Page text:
The human papillomavirus (HPV) vaccine has been recommended as part of the routine vaccination schedule for girls aged 11-12 since 2006 for the prevention of cervical cancer. In 2009, the FDA licensed the vaccine for use in males aged 9-26 years for the prevention of genital warts caused by two types of HPV, but the vaccine was not yet recommended for boys as part of the routine immunization schedule.
Meeting today at the Centers for Disease Control and Prevention in Atlanta, the Advisory Committee on Immunization Practices voted to recommend routine immunization against HPV for boys at age 11-12. ACIP members, experts selected by the Secretary of the United States Department of Health and Human Services, develop the recommendations that are used in the U.S. Recommended Childhood, Adolescent and Adult Immunization Schedules.
October 4, 2011
A study published in the October 3, 2011, issue of the Journal of Clinical Oncology reveals a startling rise in the rate of head and neck cancers related to human papillomavirus (HPV). The study looked at specimens from 271 throat cancers (specifically oropharyngeal squamous cell carcinomas, or OPSCC) collected over 20 years. The researchers found that HPV prevalence in the cancers increased from 16.3% during 1984 to 1989 to 71.7% during 2000 to 2004. They note that “The overall rise in OPSCC incidence during 1984 to 2004 is largely explained by the increasing incidence of HPV-positive cancers, whereas incidence of HPV-negative cancers declined.” The decline in non-HPV related oropharyngeal cancers, which are usually related to tobacco or alcohol use, is likely a result of lower tobacco exposure. The HPV-related cancers, as opposed to the non-HPV-related cancers, were more likely to occur in younger, male, and white individuals. The authors speculate that the increased incidence “perhaps arises from increased oral sex and oral HPV exposure over calendar time.”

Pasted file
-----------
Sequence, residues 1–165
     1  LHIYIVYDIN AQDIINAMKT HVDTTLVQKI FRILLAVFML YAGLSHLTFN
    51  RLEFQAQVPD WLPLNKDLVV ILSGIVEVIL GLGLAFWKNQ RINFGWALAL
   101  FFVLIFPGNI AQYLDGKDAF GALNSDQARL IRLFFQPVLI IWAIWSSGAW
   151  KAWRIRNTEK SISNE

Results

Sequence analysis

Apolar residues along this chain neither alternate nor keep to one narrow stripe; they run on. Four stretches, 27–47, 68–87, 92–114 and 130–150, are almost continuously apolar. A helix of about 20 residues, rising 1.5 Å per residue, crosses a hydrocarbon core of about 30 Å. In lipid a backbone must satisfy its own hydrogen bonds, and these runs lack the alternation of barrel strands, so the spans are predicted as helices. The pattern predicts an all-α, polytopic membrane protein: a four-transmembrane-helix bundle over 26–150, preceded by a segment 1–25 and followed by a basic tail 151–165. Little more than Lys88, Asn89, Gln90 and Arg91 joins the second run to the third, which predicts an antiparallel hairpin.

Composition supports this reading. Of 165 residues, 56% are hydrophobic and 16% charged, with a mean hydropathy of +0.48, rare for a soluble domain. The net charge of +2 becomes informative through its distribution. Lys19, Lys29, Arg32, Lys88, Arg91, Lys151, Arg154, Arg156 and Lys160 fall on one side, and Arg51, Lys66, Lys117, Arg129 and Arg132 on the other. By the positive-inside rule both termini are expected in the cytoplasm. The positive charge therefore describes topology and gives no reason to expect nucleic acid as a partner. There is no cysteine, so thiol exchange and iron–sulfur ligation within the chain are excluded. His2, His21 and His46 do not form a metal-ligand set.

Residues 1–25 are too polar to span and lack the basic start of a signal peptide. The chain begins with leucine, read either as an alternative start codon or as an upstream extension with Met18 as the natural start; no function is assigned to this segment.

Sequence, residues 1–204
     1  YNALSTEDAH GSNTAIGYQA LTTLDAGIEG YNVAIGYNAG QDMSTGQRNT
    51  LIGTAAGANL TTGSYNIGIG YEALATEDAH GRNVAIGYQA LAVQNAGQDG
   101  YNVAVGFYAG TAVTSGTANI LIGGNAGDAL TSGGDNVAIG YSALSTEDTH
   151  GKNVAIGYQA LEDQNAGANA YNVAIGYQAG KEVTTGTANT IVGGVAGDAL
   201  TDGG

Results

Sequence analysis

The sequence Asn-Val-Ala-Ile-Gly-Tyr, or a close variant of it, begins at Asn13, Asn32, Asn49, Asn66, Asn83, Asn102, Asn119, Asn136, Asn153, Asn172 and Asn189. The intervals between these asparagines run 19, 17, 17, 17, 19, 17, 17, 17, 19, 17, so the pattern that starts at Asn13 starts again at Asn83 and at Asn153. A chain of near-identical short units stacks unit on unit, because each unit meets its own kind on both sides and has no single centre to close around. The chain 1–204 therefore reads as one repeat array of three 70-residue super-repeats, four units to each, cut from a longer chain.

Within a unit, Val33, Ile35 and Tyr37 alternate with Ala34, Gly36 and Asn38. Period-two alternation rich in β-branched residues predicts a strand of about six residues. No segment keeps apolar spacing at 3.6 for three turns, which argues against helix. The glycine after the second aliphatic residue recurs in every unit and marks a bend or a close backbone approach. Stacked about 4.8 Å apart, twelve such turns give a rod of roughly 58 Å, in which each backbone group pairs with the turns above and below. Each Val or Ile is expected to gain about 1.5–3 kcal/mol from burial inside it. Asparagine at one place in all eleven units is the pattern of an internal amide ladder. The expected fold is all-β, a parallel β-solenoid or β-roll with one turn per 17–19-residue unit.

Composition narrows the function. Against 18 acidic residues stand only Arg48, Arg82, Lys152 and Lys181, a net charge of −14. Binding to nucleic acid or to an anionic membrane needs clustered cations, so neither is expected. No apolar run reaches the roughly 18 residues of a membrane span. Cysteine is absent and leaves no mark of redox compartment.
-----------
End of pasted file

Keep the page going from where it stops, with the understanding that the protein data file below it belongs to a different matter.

August 25, 2011
Human papillomavirus (HPV) is primarily known for its role in causing cervical cancer. Two strains of the virus – strains 16 and 18 – are estimated to be responsible for 70% of cervical cancer cases, leading to about 500,000 new cases and 270,000 deaths worldwide each year.
Both of the HPV vaccines available in the United States have been shown to be effective in preventing cervical infection with strains 16 and 18. The Gardasil quadrivalent vaccine also offers protection against two strains that cause genital warts. But HPV’s role in cancer is not limited to cervical cancer; the virus can also cause oral, anal, and penile cancer.
December 1, 2010
There are two vaccines, Gardasil (made by Merck) and Cervarix (made by GlaxoSmithKline), approved to prevent cervical cancer caused by HPV (human papillomavirus). Both vaccines protect against HPV strains 16 and 18, which are estimated to account for 70% of cervical and vaginal cancer cases. Gardasil (human papillomavirus [HPV] vaccine, quadrivalent) also offers protection against two strains that cause genital warts.
Gardasil was the first of the two vaccines to be introduced in the United States. In 2006, it was approved for use in preventing cervical cancer and genital warts for girls and women between nine and 26 years of age. Since then, based on additional data, it has also been approved for the prevention of vulvar and vaginal cancer, and for the prevention of genital warts in boys and men between nine and 26 years of age. Now, new data have led a Food and Drug Administration advisory panel to recommend expanding the vaccine's use to include the prevention of anal cancer, a disease whose incidence doubled in the United States between 1975 and 2007.